Domain Names

So what is all this business about domain names? Here is some clarification for you, and it goes nicely with my previous post on website hosting. Some points about your domain name:

  • A domain name is your web address:, or whatever.
  • Your domain name belongs to you and can be taken with you to whatever host company you want.
  • You don’t actually buy a domain name, you rent it for a period of time.  So if you stop paying for it, someone else can start renting it.
  • The domain names are theoretically rented out on a first come, first served basis. I say theoretically because I have some doubts to the reality of the statement, even though that is what everyone will tell you.
  • When you buy a domain name, all you are really doing is paying to have your domain added to the DNS database.
  • This DNS database is a core component of the internet and is what makes it what it is.  When you type ‘’ into your browser, your browser asks the nearest DNS database where your website is located, and then forwards the request on to the web host computer. The web host computer receives your message to access the website files and sends them back to your computer browser to be displayed.  And the great thing about this process is that it takes only about a second.  (at least for those of you fortunate enough to have high speed internet access)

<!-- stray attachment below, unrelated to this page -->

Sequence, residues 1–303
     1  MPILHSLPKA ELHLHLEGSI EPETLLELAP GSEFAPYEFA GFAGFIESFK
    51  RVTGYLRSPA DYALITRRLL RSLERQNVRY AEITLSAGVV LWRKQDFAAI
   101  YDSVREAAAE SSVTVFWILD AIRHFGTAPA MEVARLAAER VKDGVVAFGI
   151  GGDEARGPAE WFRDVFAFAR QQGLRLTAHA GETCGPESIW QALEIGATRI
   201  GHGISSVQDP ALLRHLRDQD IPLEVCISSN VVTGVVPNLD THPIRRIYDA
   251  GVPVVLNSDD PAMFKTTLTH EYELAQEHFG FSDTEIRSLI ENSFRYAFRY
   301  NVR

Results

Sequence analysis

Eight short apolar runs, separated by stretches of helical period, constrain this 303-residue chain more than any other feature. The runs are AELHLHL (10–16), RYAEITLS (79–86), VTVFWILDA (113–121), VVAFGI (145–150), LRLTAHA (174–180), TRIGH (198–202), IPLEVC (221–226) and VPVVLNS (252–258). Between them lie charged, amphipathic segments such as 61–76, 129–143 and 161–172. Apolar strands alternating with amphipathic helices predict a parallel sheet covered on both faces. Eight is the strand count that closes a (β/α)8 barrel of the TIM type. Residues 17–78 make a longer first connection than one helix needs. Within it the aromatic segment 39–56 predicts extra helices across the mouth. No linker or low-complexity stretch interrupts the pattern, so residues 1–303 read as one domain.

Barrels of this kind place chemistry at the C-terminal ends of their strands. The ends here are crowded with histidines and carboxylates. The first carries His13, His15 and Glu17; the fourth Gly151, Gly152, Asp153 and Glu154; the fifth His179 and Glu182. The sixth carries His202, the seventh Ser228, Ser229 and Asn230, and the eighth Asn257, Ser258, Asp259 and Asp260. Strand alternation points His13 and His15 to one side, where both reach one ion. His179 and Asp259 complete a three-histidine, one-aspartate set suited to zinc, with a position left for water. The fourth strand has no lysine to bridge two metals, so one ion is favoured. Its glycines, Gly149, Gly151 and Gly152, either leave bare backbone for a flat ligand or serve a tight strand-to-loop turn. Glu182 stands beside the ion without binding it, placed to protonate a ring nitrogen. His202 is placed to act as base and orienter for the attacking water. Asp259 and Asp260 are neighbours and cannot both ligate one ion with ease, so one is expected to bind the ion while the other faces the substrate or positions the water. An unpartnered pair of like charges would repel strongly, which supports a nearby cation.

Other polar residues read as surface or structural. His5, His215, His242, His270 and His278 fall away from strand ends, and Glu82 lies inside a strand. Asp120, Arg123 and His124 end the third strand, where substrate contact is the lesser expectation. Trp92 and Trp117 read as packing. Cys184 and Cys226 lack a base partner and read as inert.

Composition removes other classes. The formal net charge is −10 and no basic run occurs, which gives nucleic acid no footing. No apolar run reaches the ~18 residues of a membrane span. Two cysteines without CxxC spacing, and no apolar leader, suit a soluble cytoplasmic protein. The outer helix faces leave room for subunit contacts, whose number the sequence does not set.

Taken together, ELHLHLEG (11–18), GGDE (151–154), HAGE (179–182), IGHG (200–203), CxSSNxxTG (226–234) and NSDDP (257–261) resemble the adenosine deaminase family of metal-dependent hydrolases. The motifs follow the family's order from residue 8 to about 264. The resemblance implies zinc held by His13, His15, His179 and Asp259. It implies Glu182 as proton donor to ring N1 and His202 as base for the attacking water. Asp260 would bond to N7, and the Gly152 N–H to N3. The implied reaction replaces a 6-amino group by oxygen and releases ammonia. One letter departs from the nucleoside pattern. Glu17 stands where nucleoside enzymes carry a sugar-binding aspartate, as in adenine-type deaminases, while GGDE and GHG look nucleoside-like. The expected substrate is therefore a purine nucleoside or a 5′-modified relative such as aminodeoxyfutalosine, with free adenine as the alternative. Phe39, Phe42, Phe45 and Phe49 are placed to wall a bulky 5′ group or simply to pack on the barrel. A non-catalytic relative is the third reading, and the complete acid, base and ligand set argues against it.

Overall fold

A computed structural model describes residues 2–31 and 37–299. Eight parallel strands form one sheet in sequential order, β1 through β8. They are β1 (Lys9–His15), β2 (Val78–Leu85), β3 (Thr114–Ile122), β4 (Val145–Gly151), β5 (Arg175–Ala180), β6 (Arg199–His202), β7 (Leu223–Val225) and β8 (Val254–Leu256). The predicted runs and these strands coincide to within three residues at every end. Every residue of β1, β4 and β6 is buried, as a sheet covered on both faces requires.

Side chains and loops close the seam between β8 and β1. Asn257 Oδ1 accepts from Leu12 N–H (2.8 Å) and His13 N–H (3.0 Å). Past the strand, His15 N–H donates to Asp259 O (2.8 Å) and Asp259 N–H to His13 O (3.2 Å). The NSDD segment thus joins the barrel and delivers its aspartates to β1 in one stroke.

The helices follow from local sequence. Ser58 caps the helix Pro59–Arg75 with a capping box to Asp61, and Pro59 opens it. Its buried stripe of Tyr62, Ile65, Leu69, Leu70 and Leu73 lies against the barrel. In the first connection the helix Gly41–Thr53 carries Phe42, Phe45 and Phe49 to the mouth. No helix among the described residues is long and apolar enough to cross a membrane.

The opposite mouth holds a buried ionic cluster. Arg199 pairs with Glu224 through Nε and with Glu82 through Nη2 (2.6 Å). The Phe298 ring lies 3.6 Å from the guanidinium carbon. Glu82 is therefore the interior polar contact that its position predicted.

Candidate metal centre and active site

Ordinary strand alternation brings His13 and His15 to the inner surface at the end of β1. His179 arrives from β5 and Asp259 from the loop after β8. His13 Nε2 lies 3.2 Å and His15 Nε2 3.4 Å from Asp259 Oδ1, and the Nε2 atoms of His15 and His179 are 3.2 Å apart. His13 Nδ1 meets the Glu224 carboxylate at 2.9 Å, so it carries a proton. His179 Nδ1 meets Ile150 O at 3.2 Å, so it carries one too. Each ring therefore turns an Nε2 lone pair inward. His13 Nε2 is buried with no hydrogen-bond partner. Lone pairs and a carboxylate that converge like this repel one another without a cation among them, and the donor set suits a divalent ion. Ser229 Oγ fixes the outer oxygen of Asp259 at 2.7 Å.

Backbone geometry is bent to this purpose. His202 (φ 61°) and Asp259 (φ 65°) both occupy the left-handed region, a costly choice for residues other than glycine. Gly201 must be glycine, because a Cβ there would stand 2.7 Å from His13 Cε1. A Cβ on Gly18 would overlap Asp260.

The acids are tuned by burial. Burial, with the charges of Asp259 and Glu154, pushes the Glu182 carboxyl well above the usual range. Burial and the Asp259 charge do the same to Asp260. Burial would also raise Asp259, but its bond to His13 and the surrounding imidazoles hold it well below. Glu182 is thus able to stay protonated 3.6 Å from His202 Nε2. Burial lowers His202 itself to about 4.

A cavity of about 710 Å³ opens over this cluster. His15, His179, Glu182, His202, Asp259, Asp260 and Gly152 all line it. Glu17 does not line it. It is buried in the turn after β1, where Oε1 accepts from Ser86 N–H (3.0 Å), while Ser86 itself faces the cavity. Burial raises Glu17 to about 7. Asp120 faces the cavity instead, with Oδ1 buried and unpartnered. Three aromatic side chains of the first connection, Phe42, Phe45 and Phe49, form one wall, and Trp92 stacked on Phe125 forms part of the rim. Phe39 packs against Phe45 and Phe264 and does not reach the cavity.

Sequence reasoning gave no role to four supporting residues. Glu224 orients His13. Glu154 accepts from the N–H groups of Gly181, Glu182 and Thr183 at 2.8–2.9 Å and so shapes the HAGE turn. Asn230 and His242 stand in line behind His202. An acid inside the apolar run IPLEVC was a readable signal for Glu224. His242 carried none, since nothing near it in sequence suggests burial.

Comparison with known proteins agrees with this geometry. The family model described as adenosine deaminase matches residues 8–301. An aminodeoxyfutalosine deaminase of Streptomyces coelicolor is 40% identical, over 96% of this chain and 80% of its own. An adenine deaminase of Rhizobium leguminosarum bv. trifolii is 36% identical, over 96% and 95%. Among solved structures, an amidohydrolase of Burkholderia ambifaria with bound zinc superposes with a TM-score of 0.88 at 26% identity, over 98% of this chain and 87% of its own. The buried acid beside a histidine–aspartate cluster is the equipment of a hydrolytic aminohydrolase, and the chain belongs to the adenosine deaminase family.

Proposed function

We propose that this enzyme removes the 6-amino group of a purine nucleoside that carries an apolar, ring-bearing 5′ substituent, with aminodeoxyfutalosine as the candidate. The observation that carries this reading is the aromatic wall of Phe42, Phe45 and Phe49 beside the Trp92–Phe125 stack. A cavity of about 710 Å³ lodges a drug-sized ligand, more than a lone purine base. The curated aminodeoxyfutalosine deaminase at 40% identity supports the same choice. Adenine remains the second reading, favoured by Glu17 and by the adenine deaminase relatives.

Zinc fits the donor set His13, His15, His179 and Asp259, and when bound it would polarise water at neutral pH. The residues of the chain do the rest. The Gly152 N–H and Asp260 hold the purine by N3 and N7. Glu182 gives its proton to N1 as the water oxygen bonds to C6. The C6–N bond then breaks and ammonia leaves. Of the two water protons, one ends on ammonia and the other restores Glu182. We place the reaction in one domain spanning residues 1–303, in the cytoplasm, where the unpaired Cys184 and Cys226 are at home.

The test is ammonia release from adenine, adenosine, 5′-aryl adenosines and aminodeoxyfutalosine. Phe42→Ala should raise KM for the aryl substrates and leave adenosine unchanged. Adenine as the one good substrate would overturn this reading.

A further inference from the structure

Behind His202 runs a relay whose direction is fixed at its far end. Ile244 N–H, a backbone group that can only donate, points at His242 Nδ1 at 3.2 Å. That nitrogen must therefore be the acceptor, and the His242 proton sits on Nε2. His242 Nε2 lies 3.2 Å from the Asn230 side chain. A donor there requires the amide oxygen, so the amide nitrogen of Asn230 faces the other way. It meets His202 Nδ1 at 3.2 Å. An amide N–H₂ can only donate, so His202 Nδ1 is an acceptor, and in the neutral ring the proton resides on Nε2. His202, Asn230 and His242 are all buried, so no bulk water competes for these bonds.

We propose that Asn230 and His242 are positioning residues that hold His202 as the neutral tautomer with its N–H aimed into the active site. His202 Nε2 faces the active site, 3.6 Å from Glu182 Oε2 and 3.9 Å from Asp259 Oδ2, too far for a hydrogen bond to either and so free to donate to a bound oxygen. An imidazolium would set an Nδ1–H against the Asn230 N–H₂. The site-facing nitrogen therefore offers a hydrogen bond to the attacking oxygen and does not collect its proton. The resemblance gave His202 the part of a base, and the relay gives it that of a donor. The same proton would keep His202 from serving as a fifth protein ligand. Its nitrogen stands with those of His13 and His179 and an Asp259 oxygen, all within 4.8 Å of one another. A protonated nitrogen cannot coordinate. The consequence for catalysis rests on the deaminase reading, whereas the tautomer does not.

• Domain names are not case sensitive, and really are just for human convenience. You should avoid an underscore in the domain since that can confuse computer programs, and use the dash instead.
  • The DNS database will convert your domain name to what it really is: an IP address.
  • The DNS database could be a subject of a whole new post – but to say it quickly – it is a database that is shared across many different computers / routers. No one single computer holds the database information, it gets “propagated” or shared with all the others that are out there. That is why when you first purchase the domain it can take up to 48 hours for you to actually see it on the internet. This also shows its military background – the DNS database is bomb proofed.
  • The cost for a domain name is usually about 10 dollars a year. Companies like Network Solutions used to sell domains for something like 35 dollars a year, because apparently many people thought they had to, but NetSol finally dropped their prices to what has become the norm in the industry (urged along by GoDaddy’s success I’m sure).
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